PAF-dependent transacetylase (TA) modifies the functions of platelet-activating factor (PAF), a potent inflammatory lipid, either by transferring the acetyl group from PAF to lysophospholipids (TAL activity), or to sphingosine (TAS activity) or by hydrolyzing PAF (acetylhydrolase activity). In stimulated endothelial cells (EC), TAL activity contributes to the synthesis of acyl-PAF, an acyl analog of PAF, that antagonizes PAF functions and is regulated by the cellular redox state. In this study, we investigated the possible involvement of TA in the flavonoid antioxidant mechanism(s) during oxidative stress in EC induced by hydrogen peroxide. The treatment of EC with H2O2 resulted in 4-fold increase of the acetyl-CoA acetyltransferase activity (AT), that is responsible for PAF biosynthesis, while the TAL activity increased only by 53%. However, the preincubation of H2O2-treated EC with the flavonoids hesperedin, naringin, and quercetin strongly inhibited AT activity and activated TAL by 290%, 340%, and 250%, respectively. The induction of TAL activity resulted in enhanced biosynthesis of 1-acyl-2-[3H]acetyl-PAF in intact EC and was related to the flavonoid structure. These findings suggest that TAL is involved in the Anti-Inflammatory **

Cancer **

4. Biochem Pharmacol. 2003 Oct 1;66(7):1139-50. Rutinoside at C7 attenuates the apoptosis-inducing activity of flavonoids. Chen YC, Shen SC, Lin HY. Graduate Institute of Pharmacognosy, Taipei Medical University, 250 Wu-Hsing Street, ROC, Taipei, Taiwan

Rutinoside (rhamnoglucoside; rhamnose+glucose) addition has been examined extensively in the metabolism of flavonoids, however the effect of rutinoside on apoptosis-inducing activity of flavonoids is still unknown. In the present study, the two pairs of flavonoids of hesperetin (HT) and hesperidin (HD; HT-7-rutinose), and naringenin (NE) and naringin (NE-7-rutinose), were used to study their apoptosis-inducing activities in HL-60 cells. Both HD and NI are flavonoids which contain a rutinoside at the C7 of HT and NE, respectively. Results of the MTT assay showed that HT and NE, but not HD and NI, exhibited significant cytotoxic effect in HL-60 cells, accompanied by the dose- and time-dependent appearance of characteristics of apoptosis including an increase in DNA ladder intensity, morphological changes, appearance of apoptotic bodies, and an increase in hypodiploid cells by flow cytometry analysis. HT and NE, but not HD and NI, caused rapid and transient induction of caspase-3/CPP32 activity, but not caspase-1 activity, according to the cleavage of caspase-3 substrates poly(ADP-ribose) polymerase and D4-GDI proteins, the appearance of cleaved caspase-3 fragments detected in HT- or NE-, but not in HD- or NI-treated HL-60 cells. A decrease in the anti-apoptotic protein, Mcl-1, was detected in HT- and NE-treated HL-60 cells, whereas other Bcl-2 family proteins including Bax, Bcl-2, Bcl-XL, and Bag remained unchanged. The caspase-3 inhibitor, Ac-DEVD-FMK, but not the caspase-1 inhibitor, Ac-YVAD-FMK, attenuated HT- and NE-induced cell death. Interestingly, neither HT nor NE induced apoptosis in the mature monocytic cell line THP-1 and primary human polymorphonuclear cells, as characterized by a lack of DNA ladders, caspase-3 activation, poly(ADP-ribose) polymerase cleavage, and Mcl-1 decrease, compared with those in HL-60 cells. In addition, the rutinoside group in HD and NI was removed by hesperidinase and naringinase, accompanied by the production of HT and NE, respectively, according to HPLC analysis. Accordingly, hesperidinase and naringinase digestion recovered the apoptosis-inducing activity of HD and NI in HL-60 cells. Our experiments provide the first evidence to suggest that rutinoside in flavonoids prevents the induction of apoptosis, and that activation of the traditional caspase-3 cascade participates in HT- and NE-induced apoptosis.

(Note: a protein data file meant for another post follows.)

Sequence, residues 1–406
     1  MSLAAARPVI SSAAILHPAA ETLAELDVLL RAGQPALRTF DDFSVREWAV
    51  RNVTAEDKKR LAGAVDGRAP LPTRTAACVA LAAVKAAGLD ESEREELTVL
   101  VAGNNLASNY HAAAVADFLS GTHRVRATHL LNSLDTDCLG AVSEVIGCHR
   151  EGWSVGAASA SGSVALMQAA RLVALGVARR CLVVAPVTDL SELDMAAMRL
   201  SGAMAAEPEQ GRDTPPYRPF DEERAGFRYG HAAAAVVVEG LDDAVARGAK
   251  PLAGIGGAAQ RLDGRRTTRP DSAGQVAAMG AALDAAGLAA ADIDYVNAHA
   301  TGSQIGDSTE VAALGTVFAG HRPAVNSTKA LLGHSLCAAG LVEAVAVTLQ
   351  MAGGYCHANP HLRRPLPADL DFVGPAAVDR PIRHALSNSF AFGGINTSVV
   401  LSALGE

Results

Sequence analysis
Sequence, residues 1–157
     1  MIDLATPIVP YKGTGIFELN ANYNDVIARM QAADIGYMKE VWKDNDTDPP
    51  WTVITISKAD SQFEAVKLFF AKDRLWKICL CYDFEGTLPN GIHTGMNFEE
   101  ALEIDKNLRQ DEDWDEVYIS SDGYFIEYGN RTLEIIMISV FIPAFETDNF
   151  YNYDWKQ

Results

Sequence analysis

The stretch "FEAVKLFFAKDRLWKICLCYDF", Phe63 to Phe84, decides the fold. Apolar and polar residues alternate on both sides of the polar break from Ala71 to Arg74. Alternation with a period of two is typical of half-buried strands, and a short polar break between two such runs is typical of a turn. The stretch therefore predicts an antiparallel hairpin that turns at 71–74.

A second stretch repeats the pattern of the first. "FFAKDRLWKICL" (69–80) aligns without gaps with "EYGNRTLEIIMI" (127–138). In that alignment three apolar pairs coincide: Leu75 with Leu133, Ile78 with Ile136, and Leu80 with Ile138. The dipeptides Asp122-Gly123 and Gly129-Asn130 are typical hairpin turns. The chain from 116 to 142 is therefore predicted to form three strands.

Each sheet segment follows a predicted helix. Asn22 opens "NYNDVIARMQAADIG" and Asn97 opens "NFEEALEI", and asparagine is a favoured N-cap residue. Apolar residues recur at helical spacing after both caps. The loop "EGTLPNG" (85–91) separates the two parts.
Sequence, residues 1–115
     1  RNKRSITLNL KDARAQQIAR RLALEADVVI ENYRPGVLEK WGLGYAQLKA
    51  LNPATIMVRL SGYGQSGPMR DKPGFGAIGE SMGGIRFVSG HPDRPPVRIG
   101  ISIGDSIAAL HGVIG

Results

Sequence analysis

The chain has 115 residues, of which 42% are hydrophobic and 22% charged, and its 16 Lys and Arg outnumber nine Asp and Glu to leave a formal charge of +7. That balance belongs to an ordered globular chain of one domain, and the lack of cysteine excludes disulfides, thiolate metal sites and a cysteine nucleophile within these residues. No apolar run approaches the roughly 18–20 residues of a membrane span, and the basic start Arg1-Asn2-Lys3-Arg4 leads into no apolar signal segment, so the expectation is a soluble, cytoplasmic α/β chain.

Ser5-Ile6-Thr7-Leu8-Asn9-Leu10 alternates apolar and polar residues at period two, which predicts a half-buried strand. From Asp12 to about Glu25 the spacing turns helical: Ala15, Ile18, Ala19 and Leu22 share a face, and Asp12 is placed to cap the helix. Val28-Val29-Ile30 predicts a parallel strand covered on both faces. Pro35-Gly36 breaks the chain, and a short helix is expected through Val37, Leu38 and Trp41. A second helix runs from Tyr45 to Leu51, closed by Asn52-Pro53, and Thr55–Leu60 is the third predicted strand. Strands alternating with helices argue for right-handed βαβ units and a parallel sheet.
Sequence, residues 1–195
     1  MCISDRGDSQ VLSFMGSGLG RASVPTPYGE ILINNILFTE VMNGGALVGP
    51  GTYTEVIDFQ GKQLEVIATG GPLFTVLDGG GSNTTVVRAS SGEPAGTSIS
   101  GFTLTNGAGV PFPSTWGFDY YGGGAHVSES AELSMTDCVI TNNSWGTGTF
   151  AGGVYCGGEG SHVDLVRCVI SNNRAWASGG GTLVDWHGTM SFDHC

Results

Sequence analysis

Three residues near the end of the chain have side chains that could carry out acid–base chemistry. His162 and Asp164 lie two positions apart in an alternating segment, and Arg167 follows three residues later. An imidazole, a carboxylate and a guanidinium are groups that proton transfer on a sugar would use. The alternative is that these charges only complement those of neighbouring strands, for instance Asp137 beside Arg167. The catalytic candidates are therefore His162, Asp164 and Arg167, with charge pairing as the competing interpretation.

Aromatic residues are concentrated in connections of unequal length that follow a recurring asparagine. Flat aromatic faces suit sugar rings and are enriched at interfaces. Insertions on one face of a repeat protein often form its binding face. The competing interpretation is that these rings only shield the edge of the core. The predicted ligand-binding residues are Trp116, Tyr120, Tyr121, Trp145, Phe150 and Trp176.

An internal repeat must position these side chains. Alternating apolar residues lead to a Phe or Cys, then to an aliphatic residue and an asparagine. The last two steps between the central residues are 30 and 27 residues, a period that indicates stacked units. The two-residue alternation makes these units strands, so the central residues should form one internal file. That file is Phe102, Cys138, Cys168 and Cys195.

5. J Pharmacol Sci. 2003 Jun;92(2):166-70. Effects of naringin on hydrogen peroxide-induced cytotoxicity and apoptosis in p388 cells. Kanno S, Shouji A, Asou K, Ishikawa M. Department of Pharmacology and Toxicology, Cancer Research Institute, Tohoku Pharmaceutical University.

Flavonoids are widely recognized as naturally occurring antioxidants. Naringin (NG) is one of the flavonoid components in citrus fruits such as grapefruit. Hydrogen peroxide (H2O2) causes cytotoxicity through oxidative stress and apoptosis. In this paper, we examined the effects of NG on H2O2-induced cytotoxicity and apoptosis in mouse leukemia P388 cells. Cytotoxicity was determined by mitochondrial activity (MTT assay). Apoptosis and DNA damage were analyzed by measuring chromatin condensation and Comet assay (alkaline single cell gel electrophoresis), respectively. H2O2-induced cytotoxicity was significantly attenuated by NG or the reduced form of glutathione (GSH), a typical intracellular antioxidant. NG suppressed chromatin condensation and DNA damage induced by H2O2. These results indicate that NG from natural products is a useful drug having antioxidant and anti-apoptopic properties.